A captain deploys, while pregnant wife stays

U.S. Air Force Capt. Benjamin Griffith, 606th Air Control Squadron alpha flight commander from Bartlett, Tenn., and his wife Christina pose during a photo shoot. The couple is currently expecting their first child while Benjamin is deployed. (Courtesy photo/Released)

U.S. Air Force Capt. Benjamin Griffith, 606th Air Control Squadron alpha flight commander from Bartlett, Tenn., and his wife Christina pose during a photo shoot. The couple is currently expecting their first child while Benjamin is deployed. (Courtesy photo/Released)

Christina Griffith, wife of U.S. Air Force Capt. Benjamin Griffith, 606th Air Control Squadron alpha flight commander from Bartlett, Tenn., poses for a photo after recently arriving at Spangdahlem Air Base, Germany. Christina is projected to deliver their child while Benjamin is deployed. (Courtesy photo/ Released)

Christina Griffith, wife of U.S. Air Force Capt. Benjamin Griffith, 606th Air Control Squadron alpha flight commander from Bartlett, Tenn., poses for a photo after recently arriving at Spangdahlem Air Base, Germany. Christina is projected to deliver their child while Benjamin is deployed. (Courtesy photo/ Released)

U.S. Air Force Capt. Benjamin Griffith, 606th Air Control Squadron alpha flight commander from Bartlett, Tenn., and his wife Christina hug at a military event. The couple has been together for more than four years. (Courtesy photo/Released)

U.S. Air Force Capt. Benjamin Griffith, 606th Air Control Squadron alpha flight commander from Bartlett, Tenn., and his wife Christina hug at a military event. The couple has been together for more than four years. (Courtesy photo/Released)

SPANGDAHLEM AIR BASE, Germany -- In times of conflict throughout history, this is a story heard many times. Men are called to fight a foe, leaving behind a wife. In this case, a wife who is pregnant, and a birth a husband will not be able to see. He will be fighting for his country, exemplifying one of the Air Force Core Values: Service before self. All he and his wife want is to be together to welcome their son into this world. Instead he fights; fights for his wife, fights for his unborn child, and fights to make this world a better place he wants his son to grow up in.

Many Airmen are called to deploy, including Airmen from the 606th Air Control Squadron. They are currently preparing to deploy to multiple locations in Southwest Asia.

U.S. Air Force Capt. Benjamin Griffith, 606th Air Control Squadron alpha flight commander and native of Bartlett, Tennessee, is one of those Airmen. Being called to deploy, he will miss the opportunity to be with his wife, Christina, and he will miss the birth and first six months of his son's life.

"For the deployment, obviously it is very difficult. This will be our first-born child," Griffith said. "It's just a part of an Airman's duty, the responsibility. That's why we signed the dotted line... you kind of take these things into account. This might happen, we knew that."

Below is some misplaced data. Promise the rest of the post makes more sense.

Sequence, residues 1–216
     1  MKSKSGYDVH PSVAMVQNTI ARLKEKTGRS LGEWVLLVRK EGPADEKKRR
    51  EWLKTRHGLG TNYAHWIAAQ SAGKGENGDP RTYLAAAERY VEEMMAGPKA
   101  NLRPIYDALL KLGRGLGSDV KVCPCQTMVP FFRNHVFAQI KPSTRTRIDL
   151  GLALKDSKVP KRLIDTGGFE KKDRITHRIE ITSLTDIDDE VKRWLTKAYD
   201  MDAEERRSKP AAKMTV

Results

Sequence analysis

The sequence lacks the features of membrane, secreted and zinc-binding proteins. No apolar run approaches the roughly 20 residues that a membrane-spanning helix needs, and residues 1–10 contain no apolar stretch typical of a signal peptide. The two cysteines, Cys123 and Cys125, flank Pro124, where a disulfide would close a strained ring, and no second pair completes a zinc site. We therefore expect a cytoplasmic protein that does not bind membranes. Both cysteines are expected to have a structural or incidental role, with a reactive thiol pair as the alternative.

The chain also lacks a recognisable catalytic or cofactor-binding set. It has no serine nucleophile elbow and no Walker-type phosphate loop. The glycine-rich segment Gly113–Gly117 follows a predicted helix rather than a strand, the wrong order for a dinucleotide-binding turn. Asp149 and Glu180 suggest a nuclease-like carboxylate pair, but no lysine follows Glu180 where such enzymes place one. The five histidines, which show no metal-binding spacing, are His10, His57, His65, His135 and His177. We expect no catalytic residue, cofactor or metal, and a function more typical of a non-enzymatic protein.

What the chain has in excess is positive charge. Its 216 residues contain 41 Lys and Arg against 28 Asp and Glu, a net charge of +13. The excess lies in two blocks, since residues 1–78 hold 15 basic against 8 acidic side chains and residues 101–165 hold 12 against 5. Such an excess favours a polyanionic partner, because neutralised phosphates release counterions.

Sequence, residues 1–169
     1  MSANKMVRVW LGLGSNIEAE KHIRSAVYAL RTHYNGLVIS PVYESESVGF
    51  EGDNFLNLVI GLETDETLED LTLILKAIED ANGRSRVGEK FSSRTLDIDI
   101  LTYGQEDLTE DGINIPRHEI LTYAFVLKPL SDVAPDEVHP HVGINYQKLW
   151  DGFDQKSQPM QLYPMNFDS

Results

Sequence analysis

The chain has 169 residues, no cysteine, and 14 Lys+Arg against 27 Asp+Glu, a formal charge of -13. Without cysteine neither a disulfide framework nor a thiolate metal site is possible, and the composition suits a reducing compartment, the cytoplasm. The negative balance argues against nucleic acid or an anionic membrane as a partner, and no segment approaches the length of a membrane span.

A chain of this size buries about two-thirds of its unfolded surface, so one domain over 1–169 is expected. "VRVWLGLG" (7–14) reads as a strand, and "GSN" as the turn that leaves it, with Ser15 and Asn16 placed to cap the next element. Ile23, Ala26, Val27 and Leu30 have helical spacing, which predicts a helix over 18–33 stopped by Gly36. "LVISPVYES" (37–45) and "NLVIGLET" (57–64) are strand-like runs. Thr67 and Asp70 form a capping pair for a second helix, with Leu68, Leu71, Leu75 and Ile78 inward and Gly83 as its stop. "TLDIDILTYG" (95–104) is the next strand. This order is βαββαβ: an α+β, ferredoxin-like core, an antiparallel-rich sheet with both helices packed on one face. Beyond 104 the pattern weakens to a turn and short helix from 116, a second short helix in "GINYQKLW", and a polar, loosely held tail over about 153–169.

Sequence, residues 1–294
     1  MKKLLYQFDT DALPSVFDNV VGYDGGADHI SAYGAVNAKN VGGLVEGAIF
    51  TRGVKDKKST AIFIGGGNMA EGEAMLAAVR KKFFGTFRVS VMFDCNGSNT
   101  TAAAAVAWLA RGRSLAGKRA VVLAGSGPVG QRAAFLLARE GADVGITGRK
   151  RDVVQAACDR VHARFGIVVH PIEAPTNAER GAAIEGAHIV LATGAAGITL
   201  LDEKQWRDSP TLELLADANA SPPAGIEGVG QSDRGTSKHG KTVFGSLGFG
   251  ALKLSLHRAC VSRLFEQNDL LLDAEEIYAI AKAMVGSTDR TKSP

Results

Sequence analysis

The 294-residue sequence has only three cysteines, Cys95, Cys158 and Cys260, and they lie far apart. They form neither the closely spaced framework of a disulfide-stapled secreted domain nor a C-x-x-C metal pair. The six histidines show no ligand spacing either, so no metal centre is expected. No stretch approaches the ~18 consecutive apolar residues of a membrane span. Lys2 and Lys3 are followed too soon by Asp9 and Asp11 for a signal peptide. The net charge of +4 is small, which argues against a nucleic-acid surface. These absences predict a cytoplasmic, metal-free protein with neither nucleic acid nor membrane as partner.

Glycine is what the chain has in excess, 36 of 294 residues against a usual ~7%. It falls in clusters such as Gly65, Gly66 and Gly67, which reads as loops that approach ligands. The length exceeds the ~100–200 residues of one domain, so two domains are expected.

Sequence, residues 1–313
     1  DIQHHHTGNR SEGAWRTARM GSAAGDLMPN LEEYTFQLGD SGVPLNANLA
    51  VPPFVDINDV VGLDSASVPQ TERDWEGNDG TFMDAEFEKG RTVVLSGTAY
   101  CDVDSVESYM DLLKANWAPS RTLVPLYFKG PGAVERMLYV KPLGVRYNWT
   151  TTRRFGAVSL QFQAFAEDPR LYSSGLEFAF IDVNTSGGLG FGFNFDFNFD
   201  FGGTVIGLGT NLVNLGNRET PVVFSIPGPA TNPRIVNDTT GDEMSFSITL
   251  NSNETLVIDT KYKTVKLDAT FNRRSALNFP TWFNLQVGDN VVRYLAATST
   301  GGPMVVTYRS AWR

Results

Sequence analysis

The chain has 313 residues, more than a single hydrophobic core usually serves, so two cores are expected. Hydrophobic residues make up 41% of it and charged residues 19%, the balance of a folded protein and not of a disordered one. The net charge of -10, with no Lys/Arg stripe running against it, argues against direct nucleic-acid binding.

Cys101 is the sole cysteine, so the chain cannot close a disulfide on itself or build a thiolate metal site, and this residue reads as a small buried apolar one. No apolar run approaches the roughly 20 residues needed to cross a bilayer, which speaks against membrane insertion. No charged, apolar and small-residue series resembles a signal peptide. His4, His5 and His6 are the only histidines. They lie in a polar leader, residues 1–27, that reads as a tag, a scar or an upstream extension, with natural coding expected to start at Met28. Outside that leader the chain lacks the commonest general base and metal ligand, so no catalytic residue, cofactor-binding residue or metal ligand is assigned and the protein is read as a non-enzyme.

Benjamin and Christina have been together since 2010, and married in June of 2012. His wife is currently eight months pregnant, and with family in the United States awaiting the arrival of their son.

"It's definitely not a great feeling, and it took some time to accept the situation," Christina said. "I try to stay positive and focus on how proud I am of him and that we all must make sacrifices for the safety and security of our nation. If my husband is to miss the birth of his first child, I couldn't think of a better reason to do so."

Squadron members and the services on base have provided support to the Griffiths family during the pregnancy and deployment preparation.

"I have never come across a better group of spouses," Christina said. "They have been a tremendous help to us during this time. This has definitely been a difficult PCS, one that led straight into a deployment, and I honestly don't know if I would have been able to handle it without the love and support from the 606th spouses."

The Griffiths have been here for only two months, in-processing and preparing to deploy.

"The 606th ACS and the base agencies have been absolutely awesome at making sure of making sure that we have everything we need," Griffith said. "We got the time that we needed to accomplish everything. I got an in-processing checklist when I first arrived, then a week later I received a deployment checklist."

While downrange, Griffith will serve as the daytime senior director leading a team of controllers.

"We'll be out there integrating air space," Griffith said. "Dictating the paths of fixed wing aircraft, remotely piloted aircraft, bombers, tankers and fighter aircraft, putting them all in the same air space very close together ensuring that we are de-conflicting them, ensuring they are not running into each other while at the same time, we cover all the operations that are going on, making sure we have coverage."

Although the Griffiths will maintain contact through phone calls and video chat, there is no real substitute for being present for such an occasion.

"I am definitely upset I am going to miss the birth," Griffith said. "It's something we, as service members have to deal with at some point at varying stages of pregnancies."

Spending as much time together with loved ones as possible and staying positive is their advice to fellow military couples.

"Service Before Self is definitely easy to say until sacrifices have to be made, and you actually have to live by it," Christina said. "However, in order to have the freedoms we enjoy today, sacrifices are a necessity. Having said that, there does need to be a balance. I'm a firm believer in 'people first, mission always.' Always do your best to take care of your troops and they will take care of the mission."